Wednesday 24th of January 2018 03:02:18 AM

left column

All templates are XHTML 1.0 and CSS2/ tableless.

2 columns / menu and content dynamic
2 column layout grid. Both columns are dynamic and adjust themselves procentually to the browser window.

more nice and free css templates

body {
background-color: #8b4513;
font-size: 11px;
font-family: Verdana, Arial, Helvetica, SunSans-Regular, Sans-Serif;
#content {
border-right:2px solid #996666;
border-bottom:2px solid #996666;

STYLE tags but the declarations as well, because HTML comments are not displayed. Meanwhile, those browsers that understand CSS will still be able to read the style sheet.


There is one drawback to this strategy. A few versions of older browsers, such as very early versions of Netscape Navigator and NCSA Mosaic, had some trouble with comments. The problems ranged from simple manner. The absolute value of the negative margin issubtracted from the positive margin -- or, to put it another way,the negative is added to the positive -- and the resulting valueis the distance between the elements. Figure 8-21provides two concrete examples.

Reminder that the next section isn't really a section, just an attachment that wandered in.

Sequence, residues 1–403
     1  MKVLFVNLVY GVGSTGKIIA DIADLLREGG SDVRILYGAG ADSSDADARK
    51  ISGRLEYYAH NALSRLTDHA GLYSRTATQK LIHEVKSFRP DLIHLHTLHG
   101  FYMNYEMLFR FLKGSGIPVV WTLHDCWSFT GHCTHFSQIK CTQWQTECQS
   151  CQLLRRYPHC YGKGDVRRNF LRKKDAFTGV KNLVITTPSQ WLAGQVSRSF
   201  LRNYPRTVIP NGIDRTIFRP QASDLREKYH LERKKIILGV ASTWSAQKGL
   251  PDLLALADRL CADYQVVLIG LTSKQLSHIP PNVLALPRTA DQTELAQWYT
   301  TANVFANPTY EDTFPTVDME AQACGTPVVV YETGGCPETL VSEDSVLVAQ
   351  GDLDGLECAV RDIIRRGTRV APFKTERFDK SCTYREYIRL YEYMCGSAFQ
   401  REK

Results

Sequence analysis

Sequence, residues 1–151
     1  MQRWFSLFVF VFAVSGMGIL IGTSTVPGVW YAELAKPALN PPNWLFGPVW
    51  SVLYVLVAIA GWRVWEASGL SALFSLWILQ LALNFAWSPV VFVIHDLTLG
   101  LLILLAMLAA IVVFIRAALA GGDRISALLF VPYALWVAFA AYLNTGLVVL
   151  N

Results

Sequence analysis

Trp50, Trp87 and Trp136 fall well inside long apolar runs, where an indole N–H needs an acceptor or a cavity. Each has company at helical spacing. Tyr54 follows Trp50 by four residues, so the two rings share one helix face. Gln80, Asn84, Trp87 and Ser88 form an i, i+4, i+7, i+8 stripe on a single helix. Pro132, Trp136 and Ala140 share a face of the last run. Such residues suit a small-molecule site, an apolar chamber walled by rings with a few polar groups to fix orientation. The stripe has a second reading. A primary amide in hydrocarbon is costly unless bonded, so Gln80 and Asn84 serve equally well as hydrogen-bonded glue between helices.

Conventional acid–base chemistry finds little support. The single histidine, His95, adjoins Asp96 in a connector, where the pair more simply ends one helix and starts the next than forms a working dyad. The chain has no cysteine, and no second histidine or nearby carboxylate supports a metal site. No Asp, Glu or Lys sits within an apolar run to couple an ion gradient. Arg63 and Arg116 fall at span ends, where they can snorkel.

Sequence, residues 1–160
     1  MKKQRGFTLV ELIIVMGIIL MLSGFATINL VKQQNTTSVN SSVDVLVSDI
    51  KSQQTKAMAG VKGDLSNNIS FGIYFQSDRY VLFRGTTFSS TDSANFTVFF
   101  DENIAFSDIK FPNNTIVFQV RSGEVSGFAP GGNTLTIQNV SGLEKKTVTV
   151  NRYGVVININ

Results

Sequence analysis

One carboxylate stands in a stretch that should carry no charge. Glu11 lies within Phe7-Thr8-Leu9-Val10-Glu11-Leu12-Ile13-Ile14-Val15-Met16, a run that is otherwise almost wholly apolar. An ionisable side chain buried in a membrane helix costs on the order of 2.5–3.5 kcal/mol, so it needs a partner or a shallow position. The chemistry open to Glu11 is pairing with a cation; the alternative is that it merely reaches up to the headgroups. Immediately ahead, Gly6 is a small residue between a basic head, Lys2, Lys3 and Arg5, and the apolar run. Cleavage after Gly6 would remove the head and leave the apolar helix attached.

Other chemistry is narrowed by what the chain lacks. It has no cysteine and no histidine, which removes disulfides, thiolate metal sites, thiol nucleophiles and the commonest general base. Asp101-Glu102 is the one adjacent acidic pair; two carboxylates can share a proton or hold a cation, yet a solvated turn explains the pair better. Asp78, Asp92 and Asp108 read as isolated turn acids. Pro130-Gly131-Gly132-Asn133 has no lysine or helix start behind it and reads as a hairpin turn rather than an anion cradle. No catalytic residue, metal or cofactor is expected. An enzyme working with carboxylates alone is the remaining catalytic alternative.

Figure 8-21

Figure 8-21. Examples of negative vertical margins

You'll notice the "pulling" effect of negative topand bottom margins. This is really no different from the way in whichnegative horizontal margins cause an element to push outside of its

Figure 9-23

Figure 9-23. Nested absolutely positioned elements

The small box B in the lower-left corner of the element A is a childof A, which is in turn a child of a relatively positionedDIV. B was absolutely positioned, as was elementA, using styles like these:

DIV {position: relative;}P.A {position: absolute; top: 0; right: 0; width: 15em; height: auto;margin-left: auto;}P.B {position: absolute; bottom: 0; left: 0; width: 10em; height: 50%;